Stubby, doesn't the pitch of the blades control the speed of the wind generator? If so then why is there a high start up load? With the blades at a high pitch the wind would start the blades and gen. turning easily and as the speed increases the pitch control would reduce the pitch so the rpm of the gen is within the rated spec.

                          If there is no pitch control on the blades then the gen. would over speed so it has to have some kind of speed control.

                          EDIT: hmm, I got interrupted by a phone call as I was posting and Boomer posted much the same thoughts as I did.
                          Last edited by Carld; 10-22-2009, 11:53 AM.
                          It's only ink and paper

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                          • #14
                            Magnetic drag will limit most turbines from starting up at low speeds. The rotor with the magnets will cog past the windings. Takes a bit of power to overcomes this then it will start to rotate. A variable air gap axial design can eliminate a lot of the early drag but then again that makes it more complex. I built an axial design alternator for a turbine a few years ago with my son for a Science fair project. We could reduce the startup speeds by just spacing the coil /magnet further apart. Of course this reduces the efficiency so yes it turns but does not generate much energy!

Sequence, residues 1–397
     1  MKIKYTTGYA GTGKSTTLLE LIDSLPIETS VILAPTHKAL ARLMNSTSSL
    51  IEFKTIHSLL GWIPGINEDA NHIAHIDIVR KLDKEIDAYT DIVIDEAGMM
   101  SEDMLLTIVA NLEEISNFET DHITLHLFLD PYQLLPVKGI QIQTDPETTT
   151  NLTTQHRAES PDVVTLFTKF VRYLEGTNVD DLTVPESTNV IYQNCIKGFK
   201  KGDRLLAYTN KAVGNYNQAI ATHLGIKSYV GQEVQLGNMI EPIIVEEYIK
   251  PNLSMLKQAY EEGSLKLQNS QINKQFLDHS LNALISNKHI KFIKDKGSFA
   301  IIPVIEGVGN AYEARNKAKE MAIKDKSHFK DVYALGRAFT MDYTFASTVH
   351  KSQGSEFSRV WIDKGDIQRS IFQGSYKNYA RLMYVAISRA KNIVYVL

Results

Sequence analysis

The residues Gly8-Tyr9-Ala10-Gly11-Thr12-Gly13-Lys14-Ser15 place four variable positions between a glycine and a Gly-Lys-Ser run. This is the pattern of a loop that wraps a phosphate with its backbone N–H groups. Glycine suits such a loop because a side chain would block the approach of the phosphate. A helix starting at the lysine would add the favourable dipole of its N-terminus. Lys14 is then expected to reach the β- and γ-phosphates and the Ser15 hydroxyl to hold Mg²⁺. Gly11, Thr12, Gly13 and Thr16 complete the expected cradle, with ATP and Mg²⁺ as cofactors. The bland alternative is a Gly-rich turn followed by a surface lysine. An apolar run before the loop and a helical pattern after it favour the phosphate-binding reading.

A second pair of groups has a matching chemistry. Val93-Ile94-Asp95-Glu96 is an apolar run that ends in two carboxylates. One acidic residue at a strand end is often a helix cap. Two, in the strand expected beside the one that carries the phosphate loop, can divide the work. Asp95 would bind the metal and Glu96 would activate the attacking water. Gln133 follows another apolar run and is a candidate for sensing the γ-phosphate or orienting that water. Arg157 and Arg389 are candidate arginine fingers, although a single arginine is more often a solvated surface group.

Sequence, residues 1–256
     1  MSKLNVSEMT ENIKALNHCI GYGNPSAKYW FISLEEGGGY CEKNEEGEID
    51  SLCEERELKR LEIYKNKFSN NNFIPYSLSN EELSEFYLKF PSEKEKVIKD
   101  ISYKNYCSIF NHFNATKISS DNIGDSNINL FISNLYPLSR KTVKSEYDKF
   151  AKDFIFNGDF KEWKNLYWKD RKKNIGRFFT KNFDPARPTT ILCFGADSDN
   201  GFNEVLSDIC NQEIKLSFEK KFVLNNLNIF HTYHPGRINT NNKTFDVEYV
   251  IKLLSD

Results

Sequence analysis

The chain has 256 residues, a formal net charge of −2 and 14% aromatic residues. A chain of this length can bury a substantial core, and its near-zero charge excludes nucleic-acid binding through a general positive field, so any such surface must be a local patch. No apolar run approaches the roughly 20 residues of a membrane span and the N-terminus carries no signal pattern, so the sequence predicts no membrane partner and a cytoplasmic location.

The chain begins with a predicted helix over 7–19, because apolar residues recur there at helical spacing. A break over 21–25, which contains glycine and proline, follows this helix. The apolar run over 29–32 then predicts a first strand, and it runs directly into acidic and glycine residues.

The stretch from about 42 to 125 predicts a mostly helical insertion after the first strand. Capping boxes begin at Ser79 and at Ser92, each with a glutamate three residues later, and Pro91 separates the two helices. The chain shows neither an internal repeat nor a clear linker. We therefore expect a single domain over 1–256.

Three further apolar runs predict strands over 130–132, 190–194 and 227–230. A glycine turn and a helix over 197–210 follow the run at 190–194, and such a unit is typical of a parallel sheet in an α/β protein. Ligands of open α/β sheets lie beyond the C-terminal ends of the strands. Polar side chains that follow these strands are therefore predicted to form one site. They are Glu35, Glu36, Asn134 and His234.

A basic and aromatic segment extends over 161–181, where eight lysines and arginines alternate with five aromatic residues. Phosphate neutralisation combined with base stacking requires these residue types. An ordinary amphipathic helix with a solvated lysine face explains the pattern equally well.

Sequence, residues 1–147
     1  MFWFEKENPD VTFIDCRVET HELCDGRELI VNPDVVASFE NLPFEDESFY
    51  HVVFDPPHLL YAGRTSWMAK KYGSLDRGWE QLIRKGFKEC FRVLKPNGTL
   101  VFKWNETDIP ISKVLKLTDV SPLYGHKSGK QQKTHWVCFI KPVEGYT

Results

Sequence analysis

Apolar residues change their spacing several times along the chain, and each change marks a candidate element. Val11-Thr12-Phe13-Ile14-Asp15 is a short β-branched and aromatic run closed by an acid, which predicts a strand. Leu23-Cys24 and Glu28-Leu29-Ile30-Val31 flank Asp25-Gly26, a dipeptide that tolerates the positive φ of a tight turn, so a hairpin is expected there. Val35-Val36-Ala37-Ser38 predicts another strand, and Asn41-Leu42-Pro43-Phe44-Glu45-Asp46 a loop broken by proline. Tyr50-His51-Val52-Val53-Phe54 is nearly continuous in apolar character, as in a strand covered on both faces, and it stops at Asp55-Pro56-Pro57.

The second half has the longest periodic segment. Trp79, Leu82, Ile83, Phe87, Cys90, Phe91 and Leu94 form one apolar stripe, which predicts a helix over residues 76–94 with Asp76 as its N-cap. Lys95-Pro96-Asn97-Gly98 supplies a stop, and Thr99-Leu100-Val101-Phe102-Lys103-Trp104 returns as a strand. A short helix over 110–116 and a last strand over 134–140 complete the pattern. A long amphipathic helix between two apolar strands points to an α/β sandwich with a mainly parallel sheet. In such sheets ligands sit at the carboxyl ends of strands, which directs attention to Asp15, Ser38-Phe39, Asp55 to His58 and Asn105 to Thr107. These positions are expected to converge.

.ps I really like that Honeywell design. Got the old gears turning on how to build one.

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                            • #15
                              That's good but you still have to control the rpm of the gen. to keep from over speeding it. I suppose you could put a system to move the magnet away from the rotor when it's not rotating and then when the blades reach a certain rpm the magnets move into their charge position but you still have to control over speed.
                              It's only ink and paper